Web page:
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THE EUROPEAN COMMISSION’S STUDY ON POSSIBLE REFORMS TO NUCLEAR THIRD-PARTY LIABILITY INSURANCE: RECCOMENDATIONS MADE

This blog is the final of three on the EC’s study on nuclear third party liability and insurance; previously we have written about the need for the study [1] and, once the report was published late last year, we covered the current difficulties the insurance market is having with some of the revisions to the nuclear liability Conventions [2]. In this blog we look at the recommendations the study makes to alleviate these problems.

With an understanding of the major constraints on insurance provision for the full scope of the revised nuclear liability Conventions, the EC study team identified 14 options that could increase the amount of insurance available (‘capacity’). Some of these options were immediately identified as unrealistic; for example, amending the liability Conventions is unlikely in the short term. Instead the study focused on what could be achieved within the framework of the existing/revised liability Conventions and was conceivably within the power of the EC to implement across all EU member states.

Out of the original 14 options, the 5 options that the study reviewed in detail and recommended were:

  • Allow funds to accumulate to cover the 1st tier of the required liability Convention financial security amount: this arrangement is used in the USA where sufficient premium has built up to allow the required $450 million of financial security for nuclear liability to be fully funded twice over. This allows operators to receive premium rebates and allows insurers to consider their nuclear exposure as more of a catastrophic risk – this alters the modelling on their return on capital and allows them to commit higher capacity.
  • All nuclear liability policies to have single, lifetime limits: some nuclear liability policies limit insurers’ monetary exposure to once in the lifetime of each site; others offer a new policy amount each year. These latter policies will ‘stack’ with each passing year, increasing materially the insurers legacy exposure. The insurance market discovered during the asbestosis crisis that this practice is dangerous, as claimants can claim for each policy year they consider exposure may have occurred. The difference in policy type is purely an illustration of national insurance practice and the nuclear Conventions do not explicitly favour one type over the other; therefore harmonisation is possible. The nuclear liability capacity offering will increase in those countries that removed stacking annual policy limits.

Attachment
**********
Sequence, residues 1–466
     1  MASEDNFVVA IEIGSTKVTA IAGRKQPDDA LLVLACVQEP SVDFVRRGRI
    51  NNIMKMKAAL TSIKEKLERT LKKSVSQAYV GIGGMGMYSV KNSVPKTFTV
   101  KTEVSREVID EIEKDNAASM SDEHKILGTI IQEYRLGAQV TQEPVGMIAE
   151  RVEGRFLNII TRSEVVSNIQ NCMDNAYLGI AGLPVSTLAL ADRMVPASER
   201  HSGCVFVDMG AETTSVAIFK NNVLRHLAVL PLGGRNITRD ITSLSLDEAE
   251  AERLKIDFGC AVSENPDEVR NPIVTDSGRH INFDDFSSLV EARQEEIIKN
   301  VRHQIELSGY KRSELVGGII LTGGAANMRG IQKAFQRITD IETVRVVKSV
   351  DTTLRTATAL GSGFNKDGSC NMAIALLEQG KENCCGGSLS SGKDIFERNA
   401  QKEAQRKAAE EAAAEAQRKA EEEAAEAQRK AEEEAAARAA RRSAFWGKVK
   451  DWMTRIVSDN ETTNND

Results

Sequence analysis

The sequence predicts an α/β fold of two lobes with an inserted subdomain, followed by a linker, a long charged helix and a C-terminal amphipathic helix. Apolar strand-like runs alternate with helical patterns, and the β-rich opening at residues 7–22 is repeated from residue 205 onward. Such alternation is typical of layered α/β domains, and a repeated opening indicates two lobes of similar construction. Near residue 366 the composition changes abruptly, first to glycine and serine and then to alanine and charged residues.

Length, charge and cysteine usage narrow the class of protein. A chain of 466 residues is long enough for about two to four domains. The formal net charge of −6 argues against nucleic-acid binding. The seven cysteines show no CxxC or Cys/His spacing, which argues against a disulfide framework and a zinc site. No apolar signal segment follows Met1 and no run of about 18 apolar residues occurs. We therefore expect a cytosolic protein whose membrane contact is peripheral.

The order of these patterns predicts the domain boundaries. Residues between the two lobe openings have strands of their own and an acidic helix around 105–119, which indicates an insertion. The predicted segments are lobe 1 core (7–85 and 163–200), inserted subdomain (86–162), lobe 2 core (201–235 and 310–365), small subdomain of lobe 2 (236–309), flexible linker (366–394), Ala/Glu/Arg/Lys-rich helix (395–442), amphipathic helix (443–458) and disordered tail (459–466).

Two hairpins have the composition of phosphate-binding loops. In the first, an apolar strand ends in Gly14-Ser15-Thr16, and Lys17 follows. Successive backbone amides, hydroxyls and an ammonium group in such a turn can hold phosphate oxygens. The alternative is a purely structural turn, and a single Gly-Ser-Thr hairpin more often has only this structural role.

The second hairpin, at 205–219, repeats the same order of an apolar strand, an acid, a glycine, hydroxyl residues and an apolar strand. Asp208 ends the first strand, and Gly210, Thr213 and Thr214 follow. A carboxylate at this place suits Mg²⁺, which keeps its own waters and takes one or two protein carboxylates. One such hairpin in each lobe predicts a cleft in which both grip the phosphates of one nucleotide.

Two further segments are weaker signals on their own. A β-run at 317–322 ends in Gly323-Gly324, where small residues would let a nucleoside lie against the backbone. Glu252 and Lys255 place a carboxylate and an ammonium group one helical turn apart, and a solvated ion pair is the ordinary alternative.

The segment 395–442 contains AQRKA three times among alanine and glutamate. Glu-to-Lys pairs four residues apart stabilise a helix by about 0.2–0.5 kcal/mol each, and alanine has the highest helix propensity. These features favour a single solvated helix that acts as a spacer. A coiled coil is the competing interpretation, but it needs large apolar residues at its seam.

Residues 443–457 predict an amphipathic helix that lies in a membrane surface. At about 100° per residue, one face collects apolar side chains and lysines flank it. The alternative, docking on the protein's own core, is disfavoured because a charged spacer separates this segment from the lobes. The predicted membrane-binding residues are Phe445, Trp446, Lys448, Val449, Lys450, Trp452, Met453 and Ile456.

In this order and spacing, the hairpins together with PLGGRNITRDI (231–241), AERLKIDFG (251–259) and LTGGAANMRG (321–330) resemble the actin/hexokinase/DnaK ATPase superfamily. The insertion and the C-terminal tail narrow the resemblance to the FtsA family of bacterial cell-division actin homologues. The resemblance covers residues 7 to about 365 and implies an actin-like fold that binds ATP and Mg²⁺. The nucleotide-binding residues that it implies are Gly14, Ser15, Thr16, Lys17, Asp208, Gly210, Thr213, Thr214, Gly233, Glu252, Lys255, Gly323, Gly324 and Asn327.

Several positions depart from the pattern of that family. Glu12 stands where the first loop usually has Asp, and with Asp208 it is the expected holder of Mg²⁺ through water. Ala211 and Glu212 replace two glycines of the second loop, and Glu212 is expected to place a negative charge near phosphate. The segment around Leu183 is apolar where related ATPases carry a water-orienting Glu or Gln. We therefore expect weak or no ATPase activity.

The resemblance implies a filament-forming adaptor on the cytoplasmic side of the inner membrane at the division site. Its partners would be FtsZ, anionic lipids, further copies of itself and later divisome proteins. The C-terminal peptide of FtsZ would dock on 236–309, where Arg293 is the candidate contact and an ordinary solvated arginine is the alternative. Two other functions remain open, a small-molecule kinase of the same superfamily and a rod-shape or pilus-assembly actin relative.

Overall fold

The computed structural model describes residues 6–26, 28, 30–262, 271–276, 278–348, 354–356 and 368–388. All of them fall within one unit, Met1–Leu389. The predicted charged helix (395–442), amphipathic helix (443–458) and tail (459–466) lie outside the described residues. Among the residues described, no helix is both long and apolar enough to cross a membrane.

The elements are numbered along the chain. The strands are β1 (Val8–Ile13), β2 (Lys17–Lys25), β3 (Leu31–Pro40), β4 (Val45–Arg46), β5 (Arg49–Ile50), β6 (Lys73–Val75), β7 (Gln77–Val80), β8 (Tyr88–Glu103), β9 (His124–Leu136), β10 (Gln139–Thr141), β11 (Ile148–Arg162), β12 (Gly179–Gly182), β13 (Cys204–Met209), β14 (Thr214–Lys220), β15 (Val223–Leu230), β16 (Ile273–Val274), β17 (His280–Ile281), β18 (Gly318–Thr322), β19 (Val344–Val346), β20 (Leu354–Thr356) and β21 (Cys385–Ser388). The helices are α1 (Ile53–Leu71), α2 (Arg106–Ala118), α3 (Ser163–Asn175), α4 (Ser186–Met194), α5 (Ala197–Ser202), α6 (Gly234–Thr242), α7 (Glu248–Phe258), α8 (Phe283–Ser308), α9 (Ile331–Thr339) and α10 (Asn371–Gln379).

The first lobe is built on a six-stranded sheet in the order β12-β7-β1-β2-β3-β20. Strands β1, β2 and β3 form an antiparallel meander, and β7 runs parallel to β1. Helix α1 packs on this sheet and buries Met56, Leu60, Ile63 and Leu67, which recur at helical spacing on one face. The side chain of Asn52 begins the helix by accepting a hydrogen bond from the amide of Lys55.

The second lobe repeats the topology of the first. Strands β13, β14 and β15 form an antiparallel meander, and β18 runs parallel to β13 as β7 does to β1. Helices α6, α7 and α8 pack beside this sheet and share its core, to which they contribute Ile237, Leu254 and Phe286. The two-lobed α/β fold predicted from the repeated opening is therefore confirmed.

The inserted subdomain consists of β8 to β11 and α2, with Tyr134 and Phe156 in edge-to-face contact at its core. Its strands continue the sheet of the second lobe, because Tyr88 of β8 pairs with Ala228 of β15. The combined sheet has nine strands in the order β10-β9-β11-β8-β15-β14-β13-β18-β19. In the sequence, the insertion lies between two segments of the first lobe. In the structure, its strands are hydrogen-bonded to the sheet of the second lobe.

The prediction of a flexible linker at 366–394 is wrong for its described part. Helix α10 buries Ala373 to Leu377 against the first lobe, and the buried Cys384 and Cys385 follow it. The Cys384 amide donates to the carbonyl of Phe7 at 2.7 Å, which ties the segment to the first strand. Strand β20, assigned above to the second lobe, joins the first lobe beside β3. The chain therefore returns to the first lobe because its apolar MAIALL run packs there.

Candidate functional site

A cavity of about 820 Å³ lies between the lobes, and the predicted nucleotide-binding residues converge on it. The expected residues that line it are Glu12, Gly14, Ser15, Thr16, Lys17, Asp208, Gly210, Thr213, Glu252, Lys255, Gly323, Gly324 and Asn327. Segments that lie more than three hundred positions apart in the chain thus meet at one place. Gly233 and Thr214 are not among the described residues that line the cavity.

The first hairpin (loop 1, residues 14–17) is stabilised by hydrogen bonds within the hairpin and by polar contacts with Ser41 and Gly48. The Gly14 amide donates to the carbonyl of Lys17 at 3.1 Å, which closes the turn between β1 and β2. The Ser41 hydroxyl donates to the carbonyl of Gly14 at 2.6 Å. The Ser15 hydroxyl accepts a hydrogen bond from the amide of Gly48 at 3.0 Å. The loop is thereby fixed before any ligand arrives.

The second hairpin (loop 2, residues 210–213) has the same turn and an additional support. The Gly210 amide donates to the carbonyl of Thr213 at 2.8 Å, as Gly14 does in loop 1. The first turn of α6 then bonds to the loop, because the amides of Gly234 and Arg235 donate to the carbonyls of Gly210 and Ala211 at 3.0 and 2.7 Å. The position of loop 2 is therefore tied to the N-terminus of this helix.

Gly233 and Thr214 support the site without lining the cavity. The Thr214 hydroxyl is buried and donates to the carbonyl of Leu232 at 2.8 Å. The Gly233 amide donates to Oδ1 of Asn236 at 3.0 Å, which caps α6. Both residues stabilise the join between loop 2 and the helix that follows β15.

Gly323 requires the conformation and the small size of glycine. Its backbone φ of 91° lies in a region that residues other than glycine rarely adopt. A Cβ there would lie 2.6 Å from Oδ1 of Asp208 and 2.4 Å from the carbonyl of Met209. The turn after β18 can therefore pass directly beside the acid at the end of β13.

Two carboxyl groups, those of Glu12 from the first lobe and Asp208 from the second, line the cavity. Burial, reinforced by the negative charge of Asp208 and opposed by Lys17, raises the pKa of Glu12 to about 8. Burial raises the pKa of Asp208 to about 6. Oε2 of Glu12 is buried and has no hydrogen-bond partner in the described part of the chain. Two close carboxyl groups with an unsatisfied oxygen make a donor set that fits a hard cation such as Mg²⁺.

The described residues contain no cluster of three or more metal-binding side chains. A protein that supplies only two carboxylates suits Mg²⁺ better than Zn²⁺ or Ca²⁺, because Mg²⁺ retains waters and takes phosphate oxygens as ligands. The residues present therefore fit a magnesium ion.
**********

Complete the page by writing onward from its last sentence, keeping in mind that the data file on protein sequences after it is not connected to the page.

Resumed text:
• Increase nuclear insurance mutual participation with new mechanisms for reinsurance: the nuclear insurance market’s principal competitor is the nuclear industry owned mutual insurers; if these mutuals could offer more insurance (this being backed by reinsurance), then greater capacity could be achieved. New innovative reinsurance mechanisms and new markets (such as the capital markets) could be accessed to increase capacity from the mutuals. Equally, over time, the traditional insurance markets could also develop this way.
  • Mandate a nuclear catastrophe only, EU wide, single event insurance cover to provide funds excess of the current legal regimes: all the liability Conventions mandate the holding of financial security for nuclear liability compensation up to a fixed amount. There is nothing to prevent governments or the EC mandating nuclear site operators buy a separate amount of insurance excess of this; this could be achieved using triggers, identified in the report, to activate this cover. If the use of activating triggers was introduced, significantly more capacity would be available from both the capital and traditional insurance markets. The EC would need to mandate purchase of this new insurance for all EU nuclear operators, but limiting the insurance to a single ‘catastrophic’ event would soften the premium cost, yet offer significant relief to governments (and taxpayers) who are otherwise largely on the hook for such events.